There tend to be seasonal outbreaks of plague that occur mainly during the rainy season, with around 500 cases reported annually. It is recommended that you only use bottled or boiled water and avoid ice in drinks. Antimalarial treatment is recommended.

Things to do in Madagascar

With over 80% of the flora and fauna in Madagascar found nowhere else in the world, a safari is the ultimate way to get to know this gloriously tropical country. Although under the large umbrella of Africa, a safari here could not be more different to a typical animal spotting adventure. Lemurs are of course the main attraction (queue King Julian and his posse of ring-tailed, aye-aye and mouse lemurs). The different breeds vary depending on where in the country you are. Be sure to keep an eye out for smaller creatures including chameleons, birds and myriad bugs and grubs. Baobab trees are also one of the area’s biggest hits. Amber Nation Park in the north is a must if you want to see a variety of different types of lemurs (up to eight can be found here), and Ankarana Reserve is great for tree frogs and nocturnal creatures as they light up the darkness.

It’s not just on land that you can expect exciting wildlife; head to the coast for an equally thrilling marine safari. Between June and September, the coastline of Madagascar is home to one of the most fascinating spectacles on the planet; large groups of humpback whales make their annual migration from Antarctica. The calm waters Ile St Marie are the ultimate place to spot them, and you may even catch a glimpse of calves nursing and playing.

Fort Dauphin is the ultimate spot for water sports’ lovers and adrenaline junkies; once the first French settlement on the island, now a hotspot for kite surfers. With around 300 days a year of wind, the ideal conditions for this action-packed sport are almost guaranteed. Enjoy a lesson before taking to the waves.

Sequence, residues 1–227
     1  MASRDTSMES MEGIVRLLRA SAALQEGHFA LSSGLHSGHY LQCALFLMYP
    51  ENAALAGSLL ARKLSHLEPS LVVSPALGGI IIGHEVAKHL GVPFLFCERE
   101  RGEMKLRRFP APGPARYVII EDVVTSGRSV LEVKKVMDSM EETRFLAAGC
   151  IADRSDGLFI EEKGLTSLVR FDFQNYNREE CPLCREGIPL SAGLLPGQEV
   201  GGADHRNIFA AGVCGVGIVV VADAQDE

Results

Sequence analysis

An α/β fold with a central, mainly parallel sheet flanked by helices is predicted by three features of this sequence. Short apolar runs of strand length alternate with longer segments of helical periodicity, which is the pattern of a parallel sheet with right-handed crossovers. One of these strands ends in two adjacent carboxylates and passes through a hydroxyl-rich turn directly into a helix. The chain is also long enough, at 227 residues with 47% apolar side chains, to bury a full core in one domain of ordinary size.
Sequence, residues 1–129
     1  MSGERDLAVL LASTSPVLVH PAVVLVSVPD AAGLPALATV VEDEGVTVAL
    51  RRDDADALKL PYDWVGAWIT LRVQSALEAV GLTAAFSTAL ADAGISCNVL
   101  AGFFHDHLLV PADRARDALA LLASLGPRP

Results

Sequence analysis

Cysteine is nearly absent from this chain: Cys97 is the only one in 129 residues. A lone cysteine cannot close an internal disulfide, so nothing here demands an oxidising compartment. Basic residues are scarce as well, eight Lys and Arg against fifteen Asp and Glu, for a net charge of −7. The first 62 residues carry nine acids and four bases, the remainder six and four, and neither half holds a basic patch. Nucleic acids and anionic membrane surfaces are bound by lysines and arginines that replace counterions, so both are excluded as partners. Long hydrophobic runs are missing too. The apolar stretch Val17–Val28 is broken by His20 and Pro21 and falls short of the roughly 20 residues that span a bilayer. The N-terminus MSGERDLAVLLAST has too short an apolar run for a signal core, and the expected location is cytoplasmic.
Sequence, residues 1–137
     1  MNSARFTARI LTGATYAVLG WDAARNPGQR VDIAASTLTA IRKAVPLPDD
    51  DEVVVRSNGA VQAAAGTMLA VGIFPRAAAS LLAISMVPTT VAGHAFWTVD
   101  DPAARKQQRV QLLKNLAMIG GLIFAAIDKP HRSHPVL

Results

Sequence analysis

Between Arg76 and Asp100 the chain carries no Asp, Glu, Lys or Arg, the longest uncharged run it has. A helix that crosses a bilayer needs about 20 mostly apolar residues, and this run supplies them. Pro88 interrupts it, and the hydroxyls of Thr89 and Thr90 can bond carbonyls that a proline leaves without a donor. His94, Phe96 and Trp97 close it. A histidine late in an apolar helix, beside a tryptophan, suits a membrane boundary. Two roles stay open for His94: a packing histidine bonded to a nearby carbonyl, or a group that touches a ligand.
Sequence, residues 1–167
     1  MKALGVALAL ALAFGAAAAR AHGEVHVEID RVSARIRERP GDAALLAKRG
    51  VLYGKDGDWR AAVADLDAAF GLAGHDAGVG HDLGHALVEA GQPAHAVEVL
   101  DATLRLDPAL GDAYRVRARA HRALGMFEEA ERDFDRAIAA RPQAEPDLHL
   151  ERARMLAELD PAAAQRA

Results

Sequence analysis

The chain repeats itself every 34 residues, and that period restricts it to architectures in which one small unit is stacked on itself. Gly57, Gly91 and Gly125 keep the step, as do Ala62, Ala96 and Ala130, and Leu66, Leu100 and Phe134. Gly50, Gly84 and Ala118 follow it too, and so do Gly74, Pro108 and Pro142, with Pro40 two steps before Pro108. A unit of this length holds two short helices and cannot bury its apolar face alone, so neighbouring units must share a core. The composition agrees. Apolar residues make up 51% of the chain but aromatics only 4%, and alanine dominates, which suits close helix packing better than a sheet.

Transport in Madagascar

Cars drive on the right-hand side of the road but if you wish to drive in Madagascar you will need to get an International Driving Permit or apply to convert your driving licence to a Malagasy one. The road network is steadily improving, with several of the major routes being resurfaced in reasonable condition, give or take the odd pothole. Taxi brousse (bush taxis) are the most effective form of public transport but fares vary depending on how far you are travelling and how many passengers there are in the vehicle.

Additional Information

Useful phone numbers include:

·         Police: 17 or 117 from a mobile phone (emergencies).

·         Fire Brigade: 18 or 118 from a mobile phone.

·         Gendarmerie: 19 or 119 from a mobile phone.

Taxi fares should be agreed on before travelling. Tipping is becoming increasingly normal in touristy areas (about 5%). The drinking age is 18 years old.

Contact one of our Madagascar specialists